Laura Molina Interview (September 2010)
Laura Molina: Laura formed the all female group Tiger Lily in 1982 who played many gigs in the LA area, and were ultimately included on the 1984 Rhino Records compilation The Girls Can’t Help It, released just after the band’s breakup. To this day Laura remains very active as an artist, musician and political activist. More of her work may be seen at http://www.lauramolina.com/. More on Tiger Lily at http://www.myspace.com/80stigerlily]
LM: Laura Molina
RIS:What got you interested in music and how did Tiger Lily get started?
LM: I’ve been a musician nearly all my life. I started playing guitar when I was about 13 years old. When Punk rock blew into Los Angeles I got very interested in music again and bought my first electric guitar in 1980 when I was in college. I convinced one of my friends to take up the bass, we found another woman who played drums and we decided anyone else who joined our band should also be female.
RIS: How did your band and the Apaches meet and wind up playing their various gigs together?
LM: In early 1983, we were booked at the same club (I forget where) and all became friends. The Apaches of Paris asked us to open for them and it became a regular monthly gig. Tiger Lily played with them once or twice before their bass player left and Michael Steele (everyone who knew her called her “Micki” back then) joined their band.
RIS: What were your impressions of Micki and how did she look back then?
LM:. To the best of my memory, she looked that same in 1983 as when she first appeared with The Bangles. Reserved and shy, very good player. She stuck out because she was the tallest person in The Apaches of Paris, towering a couple of inches over the guys. (I used to jam with the Apaches’ guitar player, Tom and we would joke about the band being 3 little guys and this giant girl…) We chatted between sets about Second City Television (SCTV) ’cause we all liked it!
RIS: How would you describe the Apaches’ sound?
LM:. The Apaches had a sort of 60s pop sound. The closest thing I can compare them to is, The Hollies.
RIS: Did the Apaches’ sound/setlist change at all when Micki joined the group?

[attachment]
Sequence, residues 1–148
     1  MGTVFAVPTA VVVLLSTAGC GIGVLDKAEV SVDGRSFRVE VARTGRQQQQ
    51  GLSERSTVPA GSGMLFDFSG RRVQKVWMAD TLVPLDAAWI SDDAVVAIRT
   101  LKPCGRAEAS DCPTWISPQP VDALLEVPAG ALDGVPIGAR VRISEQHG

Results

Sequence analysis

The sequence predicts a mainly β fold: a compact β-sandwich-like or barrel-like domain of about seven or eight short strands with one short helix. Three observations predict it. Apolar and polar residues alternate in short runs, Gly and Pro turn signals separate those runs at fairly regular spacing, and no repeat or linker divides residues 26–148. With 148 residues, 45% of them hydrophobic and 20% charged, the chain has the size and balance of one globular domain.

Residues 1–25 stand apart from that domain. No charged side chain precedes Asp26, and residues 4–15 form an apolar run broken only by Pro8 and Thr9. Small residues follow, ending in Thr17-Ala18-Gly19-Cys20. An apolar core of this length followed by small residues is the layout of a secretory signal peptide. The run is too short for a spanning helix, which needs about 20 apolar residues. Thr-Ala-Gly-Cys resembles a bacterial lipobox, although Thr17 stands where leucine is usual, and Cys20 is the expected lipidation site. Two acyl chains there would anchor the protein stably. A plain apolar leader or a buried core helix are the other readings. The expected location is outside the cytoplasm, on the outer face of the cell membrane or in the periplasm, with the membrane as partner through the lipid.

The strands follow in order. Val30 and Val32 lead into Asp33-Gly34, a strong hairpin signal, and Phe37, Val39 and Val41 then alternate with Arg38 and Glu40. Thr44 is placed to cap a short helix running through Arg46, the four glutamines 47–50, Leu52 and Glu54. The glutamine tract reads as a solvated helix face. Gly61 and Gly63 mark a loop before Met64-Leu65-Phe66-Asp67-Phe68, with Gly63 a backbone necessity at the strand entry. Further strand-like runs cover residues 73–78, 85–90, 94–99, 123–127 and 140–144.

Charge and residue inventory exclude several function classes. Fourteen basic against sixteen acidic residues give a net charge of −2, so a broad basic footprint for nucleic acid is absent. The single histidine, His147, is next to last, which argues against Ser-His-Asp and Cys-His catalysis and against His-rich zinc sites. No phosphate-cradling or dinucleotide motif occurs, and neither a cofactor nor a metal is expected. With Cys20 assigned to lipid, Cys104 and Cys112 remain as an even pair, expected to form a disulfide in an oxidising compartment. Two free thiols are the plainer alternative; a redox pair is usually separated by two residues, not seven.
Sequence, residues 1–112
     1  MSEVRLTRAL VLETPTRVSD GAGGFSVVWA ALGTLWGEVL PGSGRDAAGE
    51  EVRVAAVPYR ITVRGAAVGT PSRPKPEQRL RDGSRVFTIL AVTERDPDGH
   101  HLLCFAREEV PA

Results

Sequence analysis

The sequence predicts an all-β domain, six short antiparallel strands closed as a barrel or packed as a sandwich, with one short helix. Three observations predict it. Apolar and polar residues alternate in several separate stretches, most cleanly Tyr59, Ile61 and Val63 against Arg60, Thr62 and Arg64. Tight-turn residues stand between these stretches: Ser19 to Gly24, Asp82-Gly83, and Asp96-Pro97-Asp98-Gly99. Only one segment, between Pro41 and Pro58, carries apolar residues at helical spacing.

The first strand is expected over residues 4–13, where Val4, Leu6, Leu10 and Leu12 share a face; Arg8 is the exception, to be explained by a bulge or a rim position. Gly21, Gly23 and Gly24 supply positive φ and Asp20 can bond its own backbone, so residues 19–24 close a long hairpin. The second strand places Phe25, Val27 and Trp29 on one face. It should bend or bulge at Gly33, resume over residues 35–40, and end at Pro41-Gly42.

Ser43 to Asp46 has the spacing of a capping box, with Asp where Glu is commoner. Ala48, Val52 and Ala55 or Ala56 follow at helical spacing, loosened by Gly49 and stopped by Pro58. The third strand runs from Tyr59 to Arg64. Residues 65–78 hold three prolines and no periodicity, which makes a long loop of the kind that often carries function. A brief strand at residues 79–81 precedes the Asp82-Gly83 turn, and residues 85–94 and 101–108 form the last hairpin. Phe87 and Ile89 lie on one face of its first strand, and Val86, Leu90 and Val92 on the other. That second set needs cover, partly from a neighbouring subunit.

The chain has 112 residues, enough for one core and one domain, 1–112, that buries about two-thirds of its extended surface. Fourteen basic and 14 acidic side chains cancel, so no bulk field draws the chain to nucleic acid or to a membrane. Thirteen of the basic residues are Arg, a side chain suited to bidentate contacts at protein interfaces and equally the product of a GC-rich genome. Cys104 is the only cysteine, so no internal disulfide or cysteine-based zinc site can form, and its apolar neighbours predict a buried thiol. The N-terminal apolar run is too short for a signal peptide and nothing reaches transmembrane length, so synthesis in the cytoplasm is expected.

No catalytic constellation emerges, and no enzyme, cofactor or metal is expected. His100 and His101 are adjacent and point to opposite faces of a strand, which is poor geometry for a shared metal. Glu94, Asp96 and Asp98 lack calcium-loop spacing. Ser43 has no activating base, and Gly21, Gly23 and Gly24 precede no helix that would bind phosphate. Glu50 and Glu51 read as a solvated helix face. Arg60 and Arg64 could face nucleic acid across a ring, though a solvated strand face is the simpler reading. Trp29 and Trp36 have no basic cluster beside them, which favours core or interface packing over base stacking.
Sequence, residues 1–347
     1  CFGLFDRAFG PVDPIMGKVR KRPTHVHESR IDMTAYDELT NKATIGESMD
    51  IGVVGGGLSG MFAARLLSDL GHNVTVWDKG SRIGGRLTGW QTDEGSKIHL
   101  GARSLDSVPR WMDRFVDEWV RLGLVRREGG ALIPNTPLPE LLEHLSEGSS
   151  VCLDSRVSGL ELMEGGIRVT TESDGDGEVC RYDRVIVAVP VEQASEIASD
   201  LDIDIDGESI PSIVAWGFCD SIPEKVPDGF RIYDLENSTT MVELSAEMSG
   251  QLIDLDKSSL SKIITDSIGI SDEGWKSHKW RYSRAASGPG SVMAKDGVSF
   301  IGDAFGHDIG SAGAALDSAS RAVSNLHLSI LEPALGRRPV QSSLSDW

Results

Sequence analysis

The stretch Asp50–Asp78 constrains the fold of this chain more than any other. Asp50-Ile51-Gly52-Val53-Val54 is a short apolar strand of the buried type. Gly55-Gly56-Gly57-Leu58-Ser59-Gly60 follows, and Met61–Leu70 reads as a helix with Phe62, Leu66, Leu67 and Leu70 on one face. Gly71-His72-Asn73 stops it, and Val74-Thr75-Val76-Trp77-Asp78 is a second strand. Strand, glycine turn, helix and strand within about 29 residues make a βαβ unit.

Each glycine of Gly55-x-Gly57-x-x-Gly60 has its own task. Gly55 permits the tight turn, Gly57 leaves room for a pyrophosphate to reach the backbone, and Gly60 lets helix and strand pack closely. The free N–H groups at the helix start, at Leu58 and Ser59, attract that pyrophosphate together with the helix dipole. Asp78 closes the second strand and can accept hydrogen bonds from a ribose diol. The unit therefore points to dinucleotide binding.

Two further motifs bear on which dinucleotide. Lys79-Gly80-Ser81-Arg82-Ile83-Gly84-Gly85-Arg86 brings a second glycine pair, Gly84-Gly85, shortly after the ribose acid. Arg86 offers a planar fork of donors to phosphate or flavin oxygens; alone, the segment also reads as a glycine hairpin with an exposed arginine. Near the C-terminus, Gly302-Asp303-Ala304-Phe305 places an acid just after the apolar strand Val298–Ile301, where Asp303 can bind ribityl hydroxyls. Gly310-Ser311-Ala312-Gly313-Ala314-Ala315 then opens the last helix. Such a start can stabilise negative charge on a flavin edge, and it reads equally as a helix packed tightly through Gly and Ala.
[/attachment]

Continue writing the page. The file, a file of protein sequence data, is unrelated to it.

The Apaches of Paris: Cinderella Au Go-Go EP (1983)
LM: The Apaches had their self-released Cinderella Au-Go-Go EP to promote, so they kept those songs in their set. Micki was a better player than her predecessor.
RIS: Did you ever hear of Micki writing songs back then or see her playing any instruments besides bass?
LM: No. I only saw her at gigs so I really didn’t know much about her musical background. I had no idea Micki was once in an all female band herself, a founding member of the Runaways and many years later I thought that being around our band might have been somewhat annoying.
RIS: Do you recall any amusing memories from the gigs Tiger Lily and the Apaches played?
LM: One show that sticks out in my mind, Cattleman’s Wharf in Hacienda Heights when Micki showed up wearing stockings, boots, A RAINCOAT (and apparently nothing else) My cousins came to that show, dubbed Micki, “The Bag Lady” and dared each other to ask her to dance with them! Micki sang The Kinks song, “Till The End Of The Day” as her lead vocal during their set.
RIS: What were your thoughts of her version of Til The End Of The Day?
LM: It was an extra song she selected for her first lead vocal with The Apaches of Paris and she did an excellent job!
RIS: Do any live recordings of either the Apaches or Tiger Lily survive?
LM: . I still have a copy of The Apaches EP but I haven’t digitized it yet. You can hear Tiger Lily on our MySpace page – www.myspace.com/80stigerlily
RIS: Who else did Tiger Lily play with after the Apaches disbanded?
LM: . Another all female band called, Cause for Concern, also Zamp & The Suspects, Cathedral of Tears, The Red Devils, The Dickies and Population 5, a local New Wave “super-group” with Prescott Niles [The Knack] and Che Zuro [The Orchids].
RIS: What have you been up musically/artistically to since Tiger Lily ended?
LM: In 1987, I recorded a single with Bob2 from DEVO, “Black Cats” that did well on KROQ for a year and got included in a compilation album of local bands. In 1990 I went back to being an artist. I went to CalArts in the late 70s and was trained as a Disney animator. I paint for a living and music is my hobby. I make re-mixes and mash-ups on my Mac. I still play guitar and several years ago my wonderful husband, Dan, bought me a beautiful Washburn dreadnought 6-string. Occasionally, you can still hear me sing on internet radio and Sirius satellite radio.